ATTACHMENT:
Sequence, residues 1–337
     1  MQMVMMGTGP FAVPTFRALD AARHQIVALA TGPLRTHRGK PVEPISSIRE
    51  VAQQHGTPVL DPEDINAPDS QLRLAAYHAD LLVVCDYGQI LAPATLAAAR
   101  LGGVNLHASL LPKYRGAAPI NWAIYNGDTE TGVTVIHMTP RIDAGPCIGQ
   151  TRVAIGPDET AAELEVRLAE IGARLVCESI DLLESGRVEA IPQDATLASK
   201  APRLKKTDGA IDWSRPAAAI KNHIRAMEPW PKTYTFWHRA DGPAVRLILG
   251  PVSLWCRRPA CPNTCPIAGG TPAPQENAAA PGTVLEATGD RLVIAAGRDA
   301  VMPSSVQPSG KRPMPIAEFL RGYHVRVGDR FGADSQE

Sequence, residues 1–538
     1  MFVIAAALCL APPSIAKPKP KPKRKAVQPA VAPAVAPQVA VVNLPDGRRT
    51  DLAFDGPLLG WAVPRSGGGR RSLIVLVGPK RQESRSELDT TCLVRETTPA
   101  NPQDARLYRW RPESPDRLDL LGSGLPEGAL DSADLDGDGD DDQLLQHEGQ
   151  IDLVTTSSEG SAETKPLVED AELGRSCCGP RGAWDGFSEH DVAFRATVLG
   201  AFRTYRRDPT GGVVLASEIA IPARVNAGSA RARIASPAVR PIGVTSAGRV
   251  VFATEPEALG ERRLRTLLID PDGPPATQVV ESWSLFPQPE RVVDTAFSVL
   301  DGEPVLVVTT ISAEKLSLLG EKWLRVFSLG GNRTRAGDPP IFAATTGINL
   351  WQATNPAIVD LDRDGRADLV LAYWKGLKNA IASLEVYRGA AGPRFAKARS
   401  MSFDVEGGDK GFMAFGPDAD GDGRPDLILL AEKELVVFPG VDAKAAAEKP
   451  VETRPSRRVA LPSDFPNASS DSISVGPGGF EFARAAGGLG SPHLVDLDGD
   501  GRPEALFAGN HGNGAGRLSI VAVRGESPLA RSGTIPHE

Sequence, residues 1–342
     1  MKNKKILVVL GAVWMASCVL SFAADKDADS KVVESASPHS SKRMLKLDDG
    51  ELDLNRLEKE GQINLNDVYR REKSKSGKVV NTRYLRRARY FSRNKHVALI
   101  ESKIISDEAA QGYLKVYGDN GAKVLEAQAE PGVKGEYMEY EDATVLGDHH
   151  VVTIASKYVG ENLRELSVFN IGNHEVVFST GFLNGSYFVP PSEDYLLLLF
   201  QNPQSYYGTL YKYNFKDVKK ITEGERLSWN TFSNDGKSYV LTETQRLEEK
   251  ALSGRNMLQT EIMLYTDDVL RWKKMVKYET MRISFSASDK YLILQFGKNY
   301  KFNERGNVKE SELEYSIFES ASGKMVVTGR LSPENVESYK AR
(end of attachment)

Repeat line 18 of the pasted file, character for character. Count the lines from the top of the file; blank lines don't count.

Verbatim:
   401  MSFDVEGGDK GFMAFGPDAD GDGRPDLILL AEKELVVFPG VDAKAAAEKP